Stocks sold off sharply this week, as noted above, mostly because markets had anticipated good news on the inflation front and didn’t get it.
When I first saw the release, I thought it looked pretty good because the headline rate of inflation was only a tenth of one percent for the month, which brought the rolling one-year rate down to 7.8 percent. While 7.8 percent is still far too high, it’s down from 8.5 percent in June and 8.1 percent in July.
The chart below shows the month-to-month rate, and you can see that the June print was the worse, and July and August were much better, bringing the trend lower.
Markets were clearly unhappy, though, and it didn’t take much digging to figure out the problem.
Core inflation, which excludes volatile food and energy prices, was much higher than expected at 0.6 percent for the month. The chart below shows that the trend is modestly lower for core inflation, but not by much.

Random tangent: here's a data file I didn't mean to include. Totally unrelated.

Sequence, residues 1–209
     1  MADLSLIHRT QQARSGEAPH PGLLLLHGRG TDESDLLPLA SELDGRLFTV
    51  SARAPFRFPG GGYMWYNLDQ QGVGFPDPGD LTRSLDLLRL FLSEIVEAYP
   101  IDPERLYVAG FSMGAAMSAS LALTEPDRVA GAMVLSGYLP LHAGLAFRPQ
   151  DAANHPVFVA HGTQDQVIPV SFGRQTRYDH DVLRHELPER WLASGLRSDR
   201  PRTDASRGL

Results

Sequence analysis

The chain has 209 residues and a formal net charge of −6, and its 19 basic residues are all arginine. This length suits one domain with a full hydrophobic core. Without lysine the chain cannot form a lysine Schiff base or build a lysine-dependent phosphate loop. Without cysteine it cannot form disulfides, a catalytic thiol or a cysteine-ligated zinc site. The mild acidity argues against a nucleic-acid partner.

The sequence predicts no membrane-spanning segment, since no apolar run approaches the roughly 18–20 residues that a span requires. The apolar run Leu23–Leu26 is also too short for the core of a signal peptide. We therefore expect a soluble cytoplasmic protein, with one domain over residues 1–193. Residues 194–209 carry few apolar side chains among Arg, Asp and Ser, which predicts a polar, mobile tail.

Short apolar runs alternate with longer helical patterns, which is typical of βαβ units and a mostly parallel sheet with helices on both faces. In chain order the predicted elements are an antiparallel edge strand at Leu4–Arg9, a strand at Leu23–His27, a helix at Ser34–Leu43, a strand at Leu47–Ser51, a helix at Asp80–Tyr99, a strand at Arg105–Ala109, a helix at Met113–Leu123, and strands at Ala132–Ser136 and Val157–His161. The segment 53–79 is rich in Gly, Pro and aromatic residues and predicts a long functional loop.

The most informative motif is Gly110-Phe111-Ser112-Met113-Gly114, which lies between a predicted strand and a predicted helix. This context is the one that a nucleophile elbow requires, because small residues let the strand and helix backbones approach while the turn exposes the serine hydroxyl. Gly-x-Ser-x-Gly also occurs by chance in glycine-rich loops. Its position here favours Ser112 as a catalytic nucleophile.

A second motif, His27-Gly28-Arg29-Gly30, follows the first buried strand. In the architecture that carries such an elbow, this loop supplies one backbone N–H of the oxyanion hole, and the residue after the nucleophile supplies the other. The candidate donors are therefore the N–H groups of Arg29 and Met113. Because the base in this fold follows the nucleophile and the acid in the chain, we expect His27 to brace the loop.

In fact, only energy prices were lower. Food prices, the other item excluded from the core besides energy, rose by 0.8 percent, more than the core, which tells you that the entirety of the good headline news was nothing more than a drop in energy prices.
I have one more chart to illustrate the point, which shows the one-year inflation rate each month for the past three years. You can see the recent decline in the headline rate and get the idea that the overall trend is toward moderating.
However, the core rate is rising in recent months to the point where it doesn’t look any different than it did in the first few months of the year.
And that’s what has the Federal Reserve worried. Yes, we all care about food and energy prices, but we should all also recognize that they are volatile.
But if the core rate isn’t moderating in the face of higher interest rates, it means that the Fed might have to do more than everyone expects.
One interesting market response to the data came from the Treasury market. The yield on the two-year note jumped from 3.58 to 3.75 percent, which is a giant change for such a short-term bond but makes sense because it signals the market expectation of a big jump in rates from the Fed.
However, the yield on the 10-year rose a little, from 3.45 to 3.53 percent. That’s not a tiny change, but it’s not massive, either. The yield on the 10-year changed more earlier this month on lesser data.
That lack of change on the 10-year signals to me that the bond market thinks that the Fed will get inflation under control in the next decade, which is a nice feeling after a tough data point for the month.